Submitted manuscripts should not have been published previously, nor be under consideration for publication elsewhere (except conference proceedings papers). All manuscripts are thoroughly refereed through a single-blind peer-review process. A guide for authors and other relevant information for submission of manuscripts is available on the Instructions for Authors page. Pharmaceutics is an international peer-reviewed open access monthly journal published by MDPI.

Please visit the Instructions for Authors page before submitting a manuscript. The Article Processing Charge (APC) for publication in this open access journal is 2200 CHF (Swiss Francs). Submitted papers should be well formatted and use good English. Authors may use MDPI's English editing service prior to publication or during author revisions.

Keywords

  • tissue engineering
  • regenerative medicine
  • biopolymers
  • drug delivery
  • nano-based drug delivery
  • nanotechnology
  • precision medicine
  • nanobiomaterials
  • microfluidics
  • scaffolding strategies
  • 3D printing
  • 3D in vitro models

Published Papers (5 papers)

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Research

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Article
Cellulose Nanofiber-Based Hydrogels Embedding 5-FU Promote Pyroptosis Activation in Breast Cancer Cells and Support Human Adipose-Derived Stem Cell Proliferation, Opening New Perspectives for Breast Tissue Engineering
Pharmaceutics 2021, 13(8), 1189; https://doi.org/10.3390/pharmaceutics13081189 - 01 Aug 2021
Cited by 1 | Viewed by 985
Abstract
The structure and biocompatibility analysis of a hydrogel based on cellulose nanofibers (CNFs) combined with alginate/pectin (A.CNF or P.CNF) and enriched with 1% or 5% 5-FU revealed more favorable properties for the cellular component when pectin was dispersed within CNFs. 5-Fluorouracil (5-FU) is [...] Read more.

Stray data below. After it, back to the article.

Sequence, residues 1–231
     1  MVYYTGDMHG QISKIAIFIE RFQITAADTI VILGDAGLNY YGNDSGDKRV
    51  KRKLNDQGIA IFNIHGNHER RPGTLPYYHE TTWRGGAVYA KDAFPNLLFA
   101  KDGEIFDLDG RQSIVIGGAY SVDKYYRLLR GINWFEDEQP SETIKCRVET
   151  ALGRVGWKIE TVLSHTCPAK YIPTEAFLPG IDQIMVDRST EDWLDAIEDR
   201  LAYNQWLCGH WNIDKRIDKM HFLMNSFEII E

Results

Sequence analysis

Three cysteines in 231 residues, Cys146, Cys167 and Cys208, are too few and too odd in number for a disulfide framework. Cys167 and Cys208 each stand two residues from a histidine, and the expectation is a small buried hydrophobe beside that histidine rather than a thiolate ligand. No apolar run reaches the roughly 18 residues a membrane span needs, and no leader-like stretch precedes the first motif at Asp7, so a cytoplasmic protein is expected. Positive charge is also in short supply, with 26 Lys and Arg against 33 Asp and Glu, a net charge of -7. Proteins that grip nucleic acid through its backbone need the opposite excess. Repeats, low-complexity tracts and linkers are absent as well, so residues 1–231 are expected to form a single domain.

The structure and biocompatibility analysis of a hydrogel based on cellulose nanofibers (CNFs) combined with alginate/pectin (A.CNF or P.CNF) and enriched with 1% or 5% 5-FU revealed more favorable properties for the cellular component when pectin was dispersed within CNFs. 5-Fluorouracil (5-FU) is an antimetabolite fluoropyrimidine used as antineoplastic drug for the treatment of multiple solid tumors. 5-FU activity leads to caspase-1 activation, secretion and maturation of interleukins (IL)-1, IL-18 and reactive oxygen species (ROS) generation. Furthermore, the effects of embedding 5-FU in P.CNF were explored in order to suppress breast tumor cell growth and induce inflammasome complex activation together with extra- and intracellular ROS generation. Exposure of tumor cells to P.CNF/5-FU resulted in a strong cytotoxic effect, an increased level of caspase-1 released in the culture media and ROS production—the latter directly proportional to the concentration of anti-tumor agent embedded in the scaffolds. Simultaneously, 5-FU determined the increase of p53 and caspase-1 expressions, both at gene and protein levels. In conclusion, P.CNF/5-FU scaffolds proved to be efficient against breast tumor cells growth due to pyroptosis induction. Furthermore, biocompatibility and the potential to support human adipose-derived stem cell growth were demonstrated, suggesting that these 3D systems could be used in soft tissue reconstruction post-mastectomy. Full article